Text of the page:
BAY VILLAGE, Ohio — For families across Northeast Ohio, it has been a time of missed milestones.
Sports, proms and even graduations have been canceled.
Hayden Coffman of Bay Village has been dreaming of attending West Point. But without important time on the field, in the band, or in the classroom, the high school junior worries he could miss out.
“This year is the big year for getting recruited. I missed them, a handful of showcases,” he said.
He also missed the SATs and ACTs, as his dad worries, too.
“Not getting the opportunity to actually physically go to colleges, to explore the campuses and get a feel for them, I mean it’s been disappointing,” said Dan Coffman, father.
But psychologist Betsie Saltzberg believes things are beginning to look up: By announcing the rest of the school year was off, she believes the governor returned control to people.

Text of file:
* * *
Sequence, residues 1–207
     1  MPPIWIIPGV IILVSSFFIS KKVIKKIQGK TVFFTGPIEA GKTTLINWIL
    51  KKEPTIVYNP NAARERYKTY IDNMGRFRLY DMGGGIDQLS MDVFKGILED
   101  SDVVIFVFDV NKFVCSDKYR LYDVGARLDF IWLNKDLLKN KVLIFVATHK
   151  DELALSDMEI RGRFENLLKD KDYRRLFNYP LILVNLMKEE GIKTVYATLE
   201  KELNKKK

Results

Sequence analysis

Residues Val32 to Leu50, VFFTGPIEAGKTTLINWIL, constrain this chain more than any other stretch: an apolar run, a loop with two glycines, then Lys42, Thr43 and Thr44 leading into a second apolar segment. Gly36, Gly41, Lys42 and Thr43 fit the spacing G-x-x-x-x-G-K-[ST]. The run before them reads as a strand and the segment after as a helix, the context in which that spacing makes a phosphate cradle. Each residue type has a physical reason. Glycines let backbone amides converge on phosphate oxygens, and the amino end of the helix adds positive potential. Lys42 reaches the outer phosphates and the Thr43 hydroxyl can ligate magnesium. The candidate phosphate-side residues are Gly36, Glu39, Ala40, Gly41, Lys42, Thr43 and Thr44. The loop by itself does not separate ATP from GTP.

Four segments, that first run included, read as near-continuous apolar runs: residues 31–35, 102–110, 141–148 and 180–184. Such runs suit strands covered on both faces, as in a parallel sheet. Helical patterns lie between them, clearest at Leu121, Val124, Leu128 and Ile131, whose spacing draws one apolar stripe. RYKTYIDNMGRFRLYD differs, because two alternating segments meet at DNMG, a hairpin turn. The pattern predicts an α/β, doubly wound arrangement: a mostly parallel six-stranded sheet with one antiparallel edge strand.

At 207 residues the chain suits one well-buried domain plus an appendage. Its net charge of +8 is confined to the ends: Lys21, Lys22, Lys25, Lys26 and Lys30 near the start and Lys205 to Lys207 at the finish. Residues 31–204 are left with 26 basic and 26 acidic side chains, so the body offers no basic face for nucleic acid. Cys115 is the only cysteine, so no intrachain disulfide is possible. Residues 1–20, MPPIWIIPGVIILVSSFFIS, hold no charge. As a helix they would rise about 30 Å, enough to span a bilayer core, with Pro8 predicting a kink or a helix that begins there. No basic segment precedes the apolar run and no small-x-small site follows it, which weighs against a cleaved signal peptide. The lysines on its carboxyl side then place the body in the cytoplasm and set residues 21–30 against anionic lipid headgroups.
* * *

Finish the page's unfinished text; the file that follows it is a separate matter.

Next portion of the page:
“When there’s uncertainty, people become more anxious, nervous, and stressed out,” Dr. Saltzberg said. “But now that we know what to expect, disappointment actually diminishes a little bit.”
She points out that can lead to problem-solving.
“The child’s life really isn’t, in reality, hinging on that graduation or hinging upon that prom. It only feels that way,” she said. “The time for problem-solving really is here.”
Hayden says he has been using his time to sharpen his soccer skills and study. His family is bracing for a busy fall spent catching up on the things they would otherwise be doing now.
“It’s going to be crammed, like I feel like a lot of this is going to happen in a much shorter time period,” Dan Coffman said.
Dr. Saltzberg believes that by adjusting expectations, they have taken a critical step towards progress. It is the first of her three-pronged process which includes being able to “worry calmly,” and “cultivate hope.”
She stresses it is important for parents to set a positive tone, since their kids are watching how well they manage stress.